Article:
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Jonathan Edwards on Adam’s Natural and Supernatural Principles

February 19, 2009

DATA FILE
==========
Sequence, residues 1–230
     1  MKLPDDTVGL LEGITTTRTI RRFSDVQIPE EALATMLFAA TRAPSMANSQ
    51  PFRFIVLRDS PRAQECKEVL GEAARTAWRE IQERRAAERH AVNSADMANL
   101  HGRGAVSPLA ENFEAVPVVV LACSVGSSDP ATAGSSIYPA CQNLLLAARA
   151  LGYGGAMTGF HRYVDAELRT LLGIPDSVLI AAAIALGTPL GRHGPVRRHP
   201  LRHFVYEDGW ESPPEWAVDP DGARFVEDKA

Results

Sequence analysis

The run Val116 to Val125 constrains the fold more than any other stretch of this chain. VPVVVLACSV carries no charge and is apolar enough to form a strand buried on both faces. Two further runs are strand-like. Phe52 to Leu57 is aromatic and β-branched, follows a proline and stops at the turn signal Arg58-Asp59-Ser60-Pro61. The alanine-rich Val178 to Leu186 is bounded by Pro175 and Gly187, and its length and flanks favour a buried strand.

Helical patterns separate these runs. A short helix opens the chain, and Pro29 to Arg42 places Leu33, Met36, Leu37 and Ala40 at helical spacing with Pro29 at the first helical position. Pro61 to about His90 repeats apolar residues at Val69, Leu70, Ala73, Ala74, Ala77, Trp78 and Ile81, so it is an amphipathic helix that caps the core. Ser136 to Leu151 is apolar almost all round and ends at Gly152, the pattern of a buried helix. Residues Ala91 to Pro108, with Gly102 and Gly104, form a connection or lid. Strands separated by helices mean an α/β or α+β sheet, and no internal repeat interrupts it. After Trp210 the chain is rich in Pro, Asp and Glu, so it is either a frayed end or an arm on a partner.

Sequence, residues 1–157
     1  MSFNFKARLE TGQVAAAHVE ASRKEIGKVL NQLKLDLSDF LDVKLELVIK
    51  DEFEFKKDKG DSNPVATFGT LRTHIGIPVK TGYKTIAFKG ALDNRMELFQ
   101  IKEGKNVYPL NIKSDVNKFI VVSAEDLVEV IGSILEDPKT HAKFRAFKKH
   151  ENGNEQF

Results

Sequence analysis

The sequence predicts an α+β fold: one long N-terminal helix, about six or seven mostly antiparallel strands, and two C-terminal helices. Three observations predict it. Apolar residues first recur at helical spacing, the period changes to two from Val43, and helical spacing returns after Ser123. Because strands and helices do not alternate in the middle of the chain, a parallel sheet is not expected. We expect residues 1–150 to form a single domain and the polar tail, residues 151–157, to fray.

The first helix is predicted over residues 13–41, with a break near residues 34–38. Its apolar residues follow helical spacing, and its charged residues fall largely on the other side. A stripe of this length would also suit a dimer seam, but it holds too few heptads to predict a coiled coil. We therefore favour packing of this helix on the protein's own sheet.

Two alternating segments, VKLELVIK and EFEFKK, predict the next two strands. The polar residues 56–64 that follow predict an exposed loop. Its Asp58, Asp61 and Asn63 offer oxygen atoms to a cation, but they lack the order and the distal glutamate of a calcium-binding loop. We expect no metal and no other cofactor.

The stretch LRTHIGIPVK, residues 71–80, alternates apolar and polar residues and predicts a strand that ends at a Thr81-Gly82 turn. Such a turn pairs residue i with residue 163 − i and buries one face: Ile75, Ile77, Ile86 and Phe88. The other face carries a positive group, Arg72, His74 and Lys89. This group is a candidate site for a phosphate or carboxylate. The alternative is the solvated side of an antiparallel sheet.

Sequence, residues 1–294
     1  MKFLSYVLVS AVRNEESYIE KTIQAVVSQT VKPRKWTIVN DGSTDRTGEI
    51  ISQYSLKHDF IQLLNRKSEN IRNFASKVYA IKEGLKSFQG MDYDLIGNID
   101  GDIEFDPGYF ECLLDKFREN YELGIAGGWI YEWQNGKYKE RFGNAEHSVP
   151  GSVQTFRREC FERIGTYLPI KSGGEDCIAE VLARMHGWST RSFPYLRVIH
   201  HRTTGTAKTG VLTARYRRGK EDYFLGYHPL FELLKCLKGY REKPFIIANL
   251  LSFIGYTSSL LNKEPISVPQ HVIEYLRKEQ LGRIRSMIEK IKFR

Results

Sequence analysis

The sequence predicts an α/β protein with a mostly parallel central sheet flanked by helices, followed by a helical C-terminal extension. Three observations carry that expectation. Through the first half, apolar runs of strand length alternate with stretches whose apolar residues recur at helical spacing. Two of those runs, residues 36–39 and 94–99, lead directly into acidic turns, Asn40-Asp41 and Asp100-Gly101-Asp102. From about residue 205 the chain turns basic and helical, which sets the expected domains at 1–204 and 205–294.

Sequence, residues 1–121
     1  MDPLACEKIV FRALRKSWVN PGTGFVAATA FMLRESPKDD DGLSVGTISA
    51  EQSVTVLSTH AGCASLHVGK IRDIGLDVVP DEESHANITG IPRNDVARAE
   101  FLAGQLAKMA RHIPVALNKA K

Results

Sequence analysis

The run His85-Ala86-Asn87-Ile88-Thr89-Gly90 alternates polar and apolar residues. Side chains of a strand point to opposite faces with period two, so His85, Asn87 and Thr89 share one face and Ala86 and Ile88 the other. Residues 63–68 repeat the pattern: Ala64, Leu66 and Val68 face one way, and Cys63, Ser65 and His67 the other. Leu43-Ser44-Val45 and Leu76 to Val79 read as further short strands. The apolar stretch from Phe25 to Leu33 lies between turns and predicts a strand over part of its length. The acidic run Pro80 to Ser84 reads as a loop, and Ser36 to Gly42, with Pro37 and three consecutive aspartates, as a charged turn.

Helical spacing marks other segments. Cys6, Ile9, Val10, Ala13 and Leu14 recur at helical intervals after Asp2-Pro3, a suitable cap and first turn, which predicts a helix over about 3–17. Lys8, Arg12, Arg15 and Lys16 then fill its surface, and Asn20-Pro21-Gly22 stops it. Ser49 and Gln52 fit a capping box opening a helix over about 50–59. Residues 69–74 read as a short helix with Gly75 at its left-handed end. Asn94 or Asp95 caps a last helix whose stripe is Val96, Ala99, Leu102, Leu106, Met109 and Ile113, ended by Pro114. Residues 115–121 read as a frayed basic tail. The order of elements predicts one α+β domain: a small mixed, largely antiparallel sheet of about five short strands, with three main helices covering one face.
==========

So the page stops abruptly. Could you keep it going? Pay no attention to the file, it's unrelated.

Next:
The case with man was plainly this: when God made man at first, he implanted in him two kinds of principles. There was an inferior kind, which may be called natural, being the principles of mere human nature; such as self-love, with those natural appetites and passions, which belong to the nature of man, in which his love to his own liberty, honor and pleasure, were exercised: these when alone, and left to themselves, are what the Scriptures sometimes call flesh. Besides these, there were superior principles, that were spiritual, holy and divine, summarily comprehended in divine love; wherein consisted the spiritual image of God, and man’s righteousness and true holiness; which are called in Scripture the divine nature. These principles may, in some sense, be called supernatural,  being (however concreated or connate, yet) such as are above those principles that are essentially implied in, or necessarily resulting from, and inseparably connected with, mere human nature; and being such as immediately depend on man’s union and communion with God, or divine communications and influences of God’s Spirit: which though withdrawn, and man’s nature forsaken of these principles, human nature would be human nature still; man’s nature as such, being entire without these divine principles, which the Scripture sometimes calls spirit, in contradistinction to flesh. These superior principles were given to possess the throne, and maintain an absolute dominion in the heart: the other, to be wholly subordinate and subservient. And while things continued thus, all things were in excellent order, peace and beautiful harmony, and in their proper and perfect state. These divine principles thus reigning, were the dignity, life, happiness, and glory of man’s nature. When man sinned, and broke God’s Covenant, and fell under his curse, these superior principles left his heart: for indeed God then left him; that communion with God, on which these principles depended, entirely ceased; the Holy Spirit, that divine inhabitant, forsook the house. Because it would have been utterly improper in itself, and inconsistent with the covenant and constitution God had established, that God should still maintain communion with man, and continue, by his friendly, gracious vital influences, to dwell with him and in him, after he was become a rebel, and had incurred God’s wrath and curse. Therefore immediately the superior divine principles wholly ceased; so light ceases in a room, when the candle is withdrawn: and thus man was left in a state of darkness, woeful corruption and ruin; nothing but flesh, without spirit. The inferior principles of self-love and natural appetite, which were given only to serve, being alone, and left to themselves, of course became reigning principles; having no superior principles to regulate or control them, they became absolute masters of the heart. The immediate consequence of which was a fatal catastrophe, a turning of all things upside down, and the succession of a state of the most odious and dreadful confusion. Man did immediately set up himself, and the objects of his private affections and appetites, as supreme; and so they took the place of God. (On Original Sin, IV., ch. 2.)

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